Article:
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Bill Sparked By JCC Threats Would Raise Penalties For Targeting Religious Institutions

WASHINGTON (JTA) — A U.S. House of Representatives committee advanced a bill that would enhance penalties for threats on religious institutions, sparked by a wave of threats on Jewish community centers and other Jewish institutions earlier this year.

“This bill clarifies that federal law prohibits threats toward religious institutions, and that the protection extends beyond places of worship, to places such as religiously-affiliated community centers,” said Rep. Bob Goodlatte, R-Va., the chairman of the House Judiciary Committee, after the committee advanced the Protecting Religiously Affiliated Institutions Act of 2017 bill to the full House on Thursday.

“Federal law will prohibit threats to property such as bomb threats, provided the threat is so serious that it obstructs an individual’s ability to exercise their right to practice their religion,” Goodlatte said in his statement.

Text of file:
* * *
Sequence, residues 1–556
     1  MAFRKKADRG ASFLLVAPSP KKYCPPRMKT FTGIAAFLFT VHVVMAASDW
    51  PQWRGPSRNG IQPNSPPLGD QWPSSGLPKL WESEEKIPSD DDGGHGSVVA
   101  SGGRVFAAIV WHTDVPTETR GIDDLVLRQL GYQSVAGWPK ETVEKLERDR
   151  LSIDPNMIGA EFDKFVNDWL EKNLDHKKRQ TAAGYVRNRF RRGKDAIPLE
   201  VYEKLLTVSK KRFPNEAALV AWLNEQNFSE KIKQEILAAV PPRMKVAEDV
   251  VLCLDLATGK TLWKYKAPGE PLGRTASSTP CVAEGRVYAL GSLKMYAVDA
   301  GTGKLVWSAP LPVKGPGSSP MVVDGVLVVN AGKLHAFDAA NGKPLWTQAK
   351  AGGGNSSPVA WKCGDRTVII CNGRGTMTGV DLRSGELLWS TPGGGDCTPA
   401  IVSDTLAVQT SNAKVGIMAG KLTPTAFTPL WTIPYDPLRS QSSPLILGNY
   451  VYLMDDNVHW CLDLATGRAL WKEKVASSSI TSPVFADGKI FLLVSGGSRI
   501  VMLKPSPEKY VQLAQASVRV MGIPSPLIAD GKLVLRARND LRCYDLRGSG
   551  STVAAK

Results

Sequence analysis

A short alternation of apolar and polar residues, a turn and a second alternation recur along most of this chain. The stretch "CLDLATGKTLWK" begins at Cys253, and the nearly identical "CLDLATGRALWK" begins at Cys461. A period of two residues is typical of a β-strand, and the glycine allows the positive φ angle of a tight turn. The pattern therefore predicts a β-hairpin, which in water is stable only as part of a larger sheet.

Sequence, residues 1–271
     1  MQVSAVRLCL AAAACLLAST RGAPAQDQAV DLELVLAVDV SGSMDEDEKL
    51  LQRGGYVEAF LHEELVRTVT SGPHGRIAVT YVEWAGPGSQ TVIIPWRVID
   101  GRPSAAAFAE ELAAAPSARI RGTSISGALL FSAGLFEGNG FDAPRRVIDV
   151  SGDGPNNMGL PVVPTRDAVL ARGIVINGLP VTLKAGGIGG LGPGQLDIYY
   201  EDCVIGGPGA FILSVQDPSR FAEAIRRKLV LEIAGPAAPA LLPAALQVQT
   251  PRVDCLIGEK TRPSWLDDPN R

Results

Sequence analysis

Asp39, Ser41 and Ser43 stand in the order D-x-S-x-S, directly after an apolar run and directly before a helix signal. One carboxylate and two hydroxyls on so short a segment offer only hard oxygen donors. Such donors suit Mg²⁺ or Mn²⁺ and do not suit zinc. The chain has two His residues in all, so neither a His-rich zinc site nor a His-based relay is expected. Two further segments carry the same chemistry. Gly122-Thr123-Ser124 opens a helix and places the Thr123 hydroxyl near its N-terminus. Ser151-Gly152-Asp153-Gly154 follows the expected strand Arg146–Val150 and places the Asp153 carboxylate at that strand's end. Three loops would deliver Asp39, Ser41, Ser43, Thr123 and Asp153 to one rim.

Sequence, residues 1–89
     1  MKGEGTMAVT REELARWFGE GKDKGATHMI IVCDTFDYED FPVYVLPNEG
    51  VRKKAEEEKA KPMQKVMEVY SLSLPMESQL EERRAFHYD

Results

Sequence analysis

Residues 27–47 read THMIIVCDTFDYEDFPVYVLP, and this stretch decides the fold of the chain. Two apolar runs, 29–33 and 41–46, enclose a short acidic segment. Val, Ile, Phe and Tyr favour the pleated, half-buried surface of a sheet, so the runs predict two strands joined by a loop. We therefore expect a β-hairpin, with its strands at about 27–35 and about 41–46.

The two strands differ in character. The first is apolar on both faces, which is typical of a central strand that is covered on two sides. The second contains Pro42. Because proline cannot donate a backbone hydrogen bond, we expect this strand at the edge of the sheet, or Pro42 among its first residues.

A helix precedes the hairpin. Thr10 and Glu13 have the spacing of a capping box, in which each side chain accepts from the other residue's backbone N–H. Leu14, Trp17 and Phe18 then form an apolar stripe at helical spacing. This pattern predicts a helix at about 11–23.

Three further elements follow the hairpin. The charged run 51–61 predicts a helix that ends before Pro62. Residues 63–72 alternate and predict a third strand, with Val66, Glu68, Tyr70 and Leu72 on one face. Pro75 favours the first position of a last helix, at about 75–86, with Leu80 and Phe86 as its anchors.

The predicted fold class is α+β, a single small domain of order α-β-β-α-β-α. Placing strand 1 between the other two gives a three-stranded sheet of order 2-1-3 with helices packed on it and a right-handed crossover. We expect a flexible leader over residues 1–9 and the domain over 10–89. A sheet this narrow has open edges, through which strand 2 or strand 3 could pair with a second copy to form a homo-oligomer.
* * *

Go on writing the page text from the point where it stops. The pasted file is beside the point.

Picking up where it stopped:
Among other measures, the bill and an identical one under consideration in the Senate adds the word “threatens” to existing laws that criminalize attacks and attempted attacks on religious institutions.

Originally dubbed the Combating Anti-Semitism Act of 2017 when it was introduced in March, its sponsors, Reps. David Kustoff, R-Tenn., and Derek Kilmer, D-Wash., were reacting to a rash of bomb threats that shut down JCCs across the United States.

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Bill Sparked By JCC Threats Would Raise Penalties For Targeting Religious Institutions

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